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In-hole rock drilling machine with a hydraulic impact motor
5715897 In-hole rock drilling machine with a hydraulic impact motor
Patent Drawings:Drawing: 5715897-2    Drawing: 5715897-3    
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Inventor: Gustafsson
Date Issued: February 10, 1998
Application: 08/664,905
Filed: June 12, 1996
Inventors: Gustafsson; Per (Formigine, IT)
Assignee: G-Drill AB (Stockholm, SE)
Primary Examiner: Tsay; Frank
Assistant Examiner:
Attorney Or Agent: Nils H. Ljungman and Associates
U.S. Class: 173/17; 173/80; 175/296; 175/297
Field Of Search: 175/296; 175/297; 175/92; 175/215; 173/17; 173/80; 173/138; 173/73
International Class:
U.S Patent Documents: 3896886; 4172411; 4278135; 4534422; 4583601; 4819746; 4921056; 5056606
Foreign Patent Documents: 1188526; 2362724
Other References:









Abstract: An in-hole rock drilling machine has a hydraulic impact motor within a housing. The hydraulic impact motor has a spool valve contained within a valve housing. The spool valve has two operating positions to alternately pressurize and depressurize a drive chamber to reciprocate a hammer. The spool valve has a continuously pressurized third control surface that biases the spool valve towards a second operating position, a first control surface that acts opposite the third control surface to move the spool valve to a first operating position, and a second control surface that acts with the third control surface to return the spool valve to the second operating position. The valve housing guides the rear portion of the hammer, and a guide bushing guides the front portion of the hammer. The guide bushing, valve housing, and a distance sleeve are clamped against a shoulder of the housing. The distance sleeve compresses axially to compensate for the axial tolerances of the component parts, thereby making axial tolerances less critical, and assembly and disassembly simple.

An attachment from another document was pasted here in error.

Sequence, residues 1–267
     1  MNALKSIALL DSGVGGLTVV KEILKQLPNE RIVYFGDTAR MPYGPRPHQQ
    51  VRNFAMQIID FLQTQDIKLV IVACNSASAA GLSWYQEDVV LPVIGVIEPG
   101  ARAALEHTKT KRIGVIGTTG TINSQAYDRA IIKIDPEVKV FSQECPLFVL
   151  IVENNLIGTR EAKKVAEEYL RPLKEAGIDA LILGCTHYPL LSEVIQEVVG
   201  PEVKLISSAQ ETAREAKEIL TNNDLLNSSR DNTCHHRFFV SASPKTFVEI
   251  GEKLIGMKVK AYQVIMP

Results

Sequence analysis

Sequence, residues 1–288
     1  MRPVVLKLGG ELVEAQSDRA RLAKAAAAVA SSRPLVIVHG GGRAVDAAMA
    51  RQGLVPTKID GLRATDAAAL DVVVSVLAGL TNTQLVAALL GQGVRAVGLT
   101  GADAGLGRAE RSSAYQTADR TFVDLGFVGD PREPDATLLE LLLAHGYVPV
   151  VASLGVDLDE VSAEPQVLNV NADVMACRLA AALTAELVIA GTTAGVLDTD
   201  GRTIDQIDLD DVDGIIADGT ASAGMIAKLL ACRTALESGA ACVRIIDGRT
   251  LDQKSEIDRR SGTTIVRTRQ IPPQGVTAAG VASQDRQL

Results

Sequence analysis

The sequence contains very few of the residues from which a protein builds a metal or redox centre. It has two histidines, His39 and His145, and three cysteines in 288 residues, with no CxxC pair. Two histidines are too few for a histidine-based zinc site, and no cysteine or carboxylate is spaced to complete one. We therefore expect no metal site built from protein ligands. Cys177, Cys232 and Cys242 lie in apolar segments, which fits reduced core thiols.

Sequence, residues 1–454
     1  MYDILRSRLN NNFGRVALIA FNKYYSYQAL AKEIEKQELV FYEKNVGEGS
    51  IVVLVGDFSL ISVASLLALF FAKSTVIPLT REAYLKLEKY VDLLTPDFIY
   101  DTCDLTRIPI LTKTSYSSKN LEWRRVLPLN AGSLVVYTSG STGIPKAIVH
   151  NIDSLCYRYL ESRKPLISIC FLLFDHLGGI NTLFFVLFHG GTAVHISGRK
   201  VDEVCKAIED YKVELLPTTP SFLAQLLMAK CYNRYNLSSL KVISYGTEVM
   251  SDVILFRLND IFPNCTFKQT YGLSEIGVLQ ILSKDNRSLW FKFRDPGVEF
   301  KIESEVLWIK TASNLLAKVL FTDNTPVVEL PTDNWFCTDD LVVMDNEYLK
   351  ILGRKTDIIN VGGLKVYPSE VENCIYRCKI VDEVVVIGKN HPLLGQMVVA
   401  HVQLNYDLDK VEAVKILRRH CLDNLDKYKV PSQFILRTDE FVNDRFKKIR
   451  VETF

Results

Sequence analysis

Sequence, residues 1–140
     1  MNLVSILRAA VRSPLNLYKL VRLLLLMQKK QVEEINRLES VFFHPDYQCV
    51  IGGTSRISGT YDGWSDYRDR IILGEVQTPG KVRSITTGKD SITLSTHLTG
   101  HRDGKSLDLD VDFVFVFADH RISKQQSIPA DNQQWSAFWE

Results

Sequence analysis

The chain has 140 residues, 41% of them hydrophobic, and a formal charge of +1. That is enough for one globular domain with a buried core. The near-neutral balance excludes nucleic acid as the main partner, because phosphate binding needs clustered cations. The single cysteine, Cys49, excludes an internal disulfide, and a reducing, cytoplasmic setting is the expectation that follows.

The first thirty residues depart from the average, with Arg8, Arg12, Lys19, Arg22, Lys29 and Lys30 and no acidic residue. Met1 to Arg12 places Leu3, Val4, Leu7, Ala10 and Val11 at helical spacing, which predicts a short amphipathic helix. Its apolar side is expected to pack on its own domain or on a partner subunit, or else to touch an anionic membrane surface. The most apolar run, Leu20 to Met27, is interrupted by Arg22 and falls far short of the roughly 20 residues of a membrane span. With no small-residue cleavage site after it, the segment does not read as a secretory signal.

Claim: What is claimed is:

1. A hydraulic in-hole rock drilling machine comprising:

a housing;

said housing comprising a front end;

said housing comprising a rear end;

means for mounting a drill bit at the front end of said housing;

means for admitting pressurized hydraulic fluid to said housing;

a piston hammer;

said piston hammer being disposed in said housing;

said piston hammer being disposed to repetitively deliver impacts to a drill bit;

means for reciprocating said piston hammer to repetitively impact a drill bit;

said reciprocating means being disposed in said housing; said reciprocating means comprising:

a first pressure chamber;

a second pressure chamber;

means for pressurizing at least one of said first pressure chamber and said second pressure chamber;

means for draining at least one of said first pressure chamber and said second pressure chamber;

means for driving said piston hammer forwardly towards a drill bit upon said at least one of: said first pressure chamber and said second pressure chamber being pressurized;

means for driving said piston hammer rearwardly away from a drill bit upon said at least one of: said first pressure chamber and said second pressure chamber being drained;

valve means for alternately pressurizing and draining said at least one of: said first pressure chamber and said second pressure chamber;

said valve means comprising:

a first control chamber;

a second control chamber;

a third control chamber;

means for pressurizing and draining said first control chamber in response to the position of said piston hammer;

means for pressurizing and draining said second control chamber in response to the position of said piston hammer;

means for continuously pressurizing said third control chamber;

a spool valve;

said spool valve being moveable between a first operating position and a second operating position;

said means for pressurizing at least one of: said first pressure chamber and said second pressure chamber comprising means for being activated in the first operating position of said spool valve;